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Thread: Are commercial machine shops a thing of the past?

  1. #1
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    Are commercial machine shops a thing of the past?

    I live in Falls Church, VA and there is a local job shop which is good for me. I changed the motor on my drill press but wanted to keep the original step pulley. The old motor had a flat and set screw and the new motor has a keyway. So, for $50, these guys are going to cut the keyway into my step pulley.

    I went over there to drop off the pulley and it was like a tomb. The one guy working there said there used to be 5 people working there plus the owner. Now it's down to the owner, one full-time guy and one half-timer. This place seemed to be oriented more towards automotive stuff. Milling heads, valve jobs and such. I saw no CNC machines but I did see some really big iron from the '30s. I saw 2 Bridgeport universal mills gathering dust. I saw a lot of machines I didn't recognize so I would guess that they are for automotive type things.

    I wonder how commercial machine shops are surviving. Are these folks just too behind the times? It sure was nice having to drive only a couple of miles to a place next door to our veterinarian and across the street from our grocery store. If they go under, I would guess that my next best bet would be 30 miles.

  2. #2
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    Mar 2016
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    Elmodel, Ga.
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    Things are made so cheap these days (i.e.) China that it is cheaper to buy new parts or even machines than to pay labor cost at a machine shop. I feel your pain. Same thing has happened in our area. Large machine shop closed down and the only one still open is a small family owned independent with 3 employees. They can do most work, but since they are the only game left in town they are backed up. They also primarily do auto machine work.

  3. #3
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    I worked in a couple of shops in Berkshire County, MA. We had over 30 guys when I started in the mid seventies. Wedid all kinds of repair and upgrade work for local businesses like electronics, paper industry,water treatment plants, right down to guys like Roger who walked in the door. We usually charged walk ins coffee money unless it was a big job. We did lathe and milling machine work as well as blanchard grinding, sheet metal, mig, tig, stick, spot and thermal welding, built chalkboard and dry erase easels, wood stoves, and lots of stuff I forget about. We made prototypes for the dr powerwagon, built a lot of systems for Stanley Tool, made virtually all of the hardware for garden way carts and the Alpine Slide sleds and some of the tracks, plus a lot of the equipment you see on driving ranges. One by one, local industries went out or moved operations, the shop got smaller and changed hands a few times, and when I left after 27 years, they were down to 5 people.A few years later they went out of business. Nowadays you need the latest cnc stuff to be competitive, but I think if I had a small shop with a Bridgeport, lathe, a few welders, and some other metal working stuff I could make a living, not getting wealthy, but surviving. I did buy one of the tube cutting saws before I left and made windchimes for a few years, then the local anodizing plant went out of business, so I lost my source of material.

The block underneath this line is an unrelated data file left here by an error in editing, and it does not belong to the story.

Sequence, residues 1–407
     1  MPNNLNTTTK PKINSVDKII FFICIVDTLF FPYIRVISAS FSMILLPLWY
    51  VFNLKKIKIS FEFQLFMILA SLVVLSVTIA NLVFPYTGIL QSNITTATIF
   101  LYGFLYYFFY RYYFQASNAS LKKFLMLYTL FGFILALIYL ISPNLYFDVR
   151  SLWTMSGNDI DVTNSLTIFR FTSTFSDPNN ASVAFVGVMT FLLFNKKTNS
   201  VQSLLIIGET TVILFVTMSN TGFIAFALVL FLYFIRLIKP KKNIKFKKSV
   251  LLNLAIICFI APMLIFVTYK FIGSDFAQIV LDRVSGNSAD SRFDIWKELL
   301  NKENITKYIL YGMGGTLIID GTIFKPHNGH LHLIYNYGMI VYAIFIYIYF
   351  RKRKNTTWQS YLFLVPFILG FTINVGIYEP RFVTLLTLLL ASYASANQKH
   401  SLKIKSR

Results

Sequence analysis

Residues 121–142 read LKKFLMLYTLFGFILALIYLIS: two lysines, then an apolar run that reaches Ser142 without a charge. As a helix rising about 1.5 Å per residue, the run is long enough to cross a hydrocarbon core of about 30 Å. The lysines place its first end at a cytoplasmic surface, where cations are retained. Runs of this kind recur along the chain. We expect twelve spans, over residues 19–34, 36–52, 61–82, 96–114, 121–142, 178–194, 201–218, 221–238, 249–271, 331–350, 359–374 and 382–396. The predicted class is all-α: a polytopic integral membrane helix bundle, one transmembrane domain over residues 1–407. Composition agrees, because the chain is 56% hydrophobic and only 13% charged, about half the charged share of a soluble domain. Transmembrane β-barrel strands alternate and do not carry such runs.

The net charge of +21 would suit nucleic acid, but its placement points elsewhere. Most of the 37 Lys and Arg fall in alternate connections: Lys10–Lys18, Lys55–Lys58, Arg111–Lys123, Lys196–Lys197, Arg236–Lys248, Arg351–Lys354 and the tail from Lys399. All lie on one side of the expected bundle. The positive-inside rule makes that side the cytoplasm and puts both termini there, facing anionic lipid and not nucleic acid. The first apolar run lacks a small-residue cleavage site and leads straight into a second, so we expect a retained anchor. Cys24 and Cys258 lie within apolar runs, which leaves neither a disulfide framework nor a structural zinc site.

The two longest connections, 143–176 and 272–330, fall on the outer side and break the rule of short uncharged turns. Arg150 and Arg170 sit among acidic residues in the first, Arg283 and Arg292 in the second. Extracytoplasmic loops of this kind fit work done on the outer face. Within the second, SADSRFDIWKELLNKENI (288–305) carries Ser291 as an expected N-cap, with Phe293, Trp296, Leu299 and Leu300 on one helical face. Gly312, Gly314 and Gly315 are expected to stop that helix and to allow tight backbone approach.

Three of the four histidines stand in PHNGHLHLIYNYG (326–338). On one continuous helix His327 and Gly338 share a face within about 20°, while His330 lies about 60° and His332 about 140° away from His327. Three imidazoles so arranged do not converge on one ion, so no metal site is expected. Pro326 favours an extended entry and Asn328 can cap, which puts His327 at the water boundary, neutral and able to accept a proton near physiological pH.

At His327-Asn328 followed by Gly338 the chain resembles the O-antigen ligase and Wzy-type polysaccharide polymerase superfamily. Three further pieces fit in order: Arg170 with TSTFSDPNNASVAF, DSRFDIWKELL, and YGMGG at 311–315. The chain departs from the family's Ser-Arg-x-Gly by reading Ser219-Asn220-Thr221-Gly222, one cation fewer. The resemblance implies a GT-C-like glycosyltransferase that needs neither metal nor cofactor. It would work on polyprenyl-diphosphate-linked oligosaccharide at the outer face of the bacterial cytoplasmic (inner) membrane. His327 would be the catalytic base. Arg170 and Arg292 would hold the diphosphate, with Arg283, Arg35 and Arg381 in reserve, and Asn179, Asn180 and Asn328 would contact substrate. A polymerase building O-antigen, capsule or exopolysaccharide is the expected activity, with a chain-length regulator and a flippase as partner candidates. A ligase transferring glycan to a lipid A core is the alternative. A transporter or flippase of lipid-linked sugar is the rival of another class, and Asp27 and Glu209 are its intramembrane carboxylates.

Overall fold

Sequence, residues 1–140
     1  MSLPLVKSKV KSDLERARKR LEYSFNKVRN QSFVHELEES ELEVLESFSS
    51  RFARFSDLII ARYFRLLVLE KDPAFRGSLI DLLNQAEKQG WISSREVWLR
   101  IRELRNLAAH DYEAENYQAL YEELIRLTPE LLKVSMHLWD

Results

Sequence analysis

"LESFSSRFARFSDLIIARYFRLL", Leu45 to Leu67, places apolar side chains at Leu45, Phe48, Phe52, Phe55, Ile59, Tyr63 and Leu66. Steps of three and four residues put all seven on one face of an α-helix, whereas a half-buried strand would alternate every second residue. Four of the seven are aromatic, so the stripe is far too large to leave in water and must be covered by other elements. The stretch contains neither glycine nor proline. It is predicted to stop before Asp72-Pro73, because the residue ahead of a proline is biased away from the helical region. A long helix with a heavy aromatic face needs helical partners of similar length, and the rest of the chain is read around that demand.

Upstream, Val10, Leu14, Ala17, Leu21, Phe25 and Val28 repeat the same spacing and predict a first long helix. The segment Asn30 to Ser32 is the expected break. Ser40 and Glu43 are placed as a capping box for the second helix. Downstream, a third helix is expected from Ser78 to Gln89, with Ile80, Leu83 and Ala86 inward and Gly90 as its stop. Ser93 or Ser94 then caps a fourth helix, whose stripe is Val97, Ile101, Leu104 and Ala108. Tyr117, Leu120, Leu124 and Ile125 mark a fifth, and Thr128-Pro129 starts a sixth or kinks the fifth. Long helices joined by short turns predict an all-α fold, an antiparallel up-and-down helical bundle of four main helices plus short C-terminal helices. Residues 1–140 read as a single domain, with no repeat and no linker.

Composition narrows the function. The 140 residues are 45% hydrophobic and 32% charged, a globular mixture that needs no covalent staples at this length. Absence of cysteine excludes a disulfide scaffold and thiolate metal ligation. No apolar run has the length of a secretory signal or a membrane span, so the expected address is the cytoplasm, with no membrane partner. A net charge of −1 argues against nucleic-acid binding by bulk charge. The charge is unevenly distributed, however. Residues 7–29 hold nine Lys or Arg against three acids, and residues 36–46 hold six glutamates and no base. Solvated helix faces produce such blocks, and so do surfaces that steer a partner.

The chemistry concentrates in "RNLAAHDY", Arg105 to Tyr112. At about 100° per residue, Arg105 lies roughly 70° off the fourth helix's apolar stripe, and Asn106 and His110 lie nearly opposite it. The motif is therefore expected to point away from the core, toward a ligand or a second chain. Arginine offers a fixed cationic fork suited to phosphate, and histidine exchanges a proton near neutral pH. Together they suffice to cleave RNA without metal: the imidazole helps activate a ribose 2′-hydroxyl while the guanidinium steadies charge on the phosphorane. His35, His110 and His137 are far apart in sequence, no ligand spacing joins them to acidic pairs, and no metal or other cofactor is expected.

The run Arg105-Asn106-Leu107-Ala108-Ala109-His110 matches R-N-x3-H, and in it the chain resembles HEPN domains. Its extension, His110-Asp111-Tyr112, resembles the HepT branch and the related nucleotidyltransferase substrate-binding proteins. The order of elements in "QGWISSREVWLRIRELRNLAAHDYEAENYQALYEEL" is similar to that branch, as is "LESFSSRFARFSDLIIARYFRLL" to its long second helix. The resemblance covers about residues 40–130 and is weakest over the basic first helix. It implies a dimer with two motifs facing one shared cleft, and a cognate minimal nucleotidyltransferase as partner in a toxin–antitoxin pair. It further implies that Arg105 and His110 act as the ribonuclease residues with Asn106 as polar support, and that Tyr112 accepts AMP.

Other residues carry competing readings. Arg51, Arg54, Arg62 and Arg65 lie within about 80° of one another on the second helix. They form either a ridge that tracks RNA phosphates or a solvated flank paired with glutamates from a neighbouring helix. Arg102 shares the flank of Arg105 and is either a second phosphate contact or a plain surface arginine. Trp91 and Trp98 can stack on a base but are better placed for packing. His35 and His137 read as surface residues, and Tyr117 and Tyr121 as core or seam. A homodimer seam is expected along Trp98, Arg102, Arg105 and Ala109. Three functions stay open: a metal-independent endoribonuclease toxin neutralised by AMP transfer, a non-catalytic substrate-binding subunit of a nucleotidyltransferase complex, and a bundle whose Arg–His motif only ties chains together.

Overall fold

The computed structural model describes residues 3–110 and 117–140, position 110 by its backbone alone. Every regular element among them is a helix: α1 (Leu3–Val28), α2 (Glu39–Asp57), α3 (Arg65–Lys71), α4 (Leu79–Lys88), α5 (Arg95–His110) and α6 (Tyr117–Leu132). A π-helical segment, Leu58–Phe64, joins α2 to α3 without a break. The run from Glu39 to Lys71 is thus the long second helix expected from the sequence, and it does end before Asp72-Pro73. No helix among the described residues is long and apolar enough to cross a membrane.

4. #4
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    Just went through this recently. Stopped by what used to be a very busy machine shop across the street basically from a refinery, steel type plant. Looking to have a short run of parts made. Had 30+ employees as recently as last year. Shut down part of the refinery and steel production locally as well as out sourced. Suddenly nothing more. Just finding a vendor that is willing to do small scale work is quite a challenge around here.

  5. #5
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    I just went to pick up my pulley and got an earful from the owner. It's a shame. I don't think he's going to be around all that long. Everything there is old school. I didn't see a single CNC machine. And it's nearly all automotive related. I don't see him moving either. That stuff is old and ruinously heavy. Most of it probably isn't worth moving. They have a huge old Monarch lathe that he's tried to give away with no takers.

    I'm guessing that if I want stuff made, I'm on my own. I asked the owner where other shops were and he said I would have to go to Baltimore MD. And I'm inside the DC beltway! Yikes!

  6. #6
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    Apr 2010
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    Berkshire County in Western Ma
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    Monarch lathes were high quality machines. Hendys also. We had a few of the really good lathes in our shop, then they went out and bought a Summit Lathe. . It was a big machine but low quality. I avoided it every chance I could get.

  7. #7
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    Mar 2017
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    It's definitely the case today. I'm a machinist by trade and there just isn't any money to be made as an employee in that area anymore. There are a few shops that fill a niche and are doing OK, but none of them pay worth a darn so there just isn't a way for newcomers to make a living so they find something else to do if possible. The result is that all of us in the field are about all there is and there's no path to become a good machinist like there used to be other than maybe just doing it on your own and taking your knocks along the way.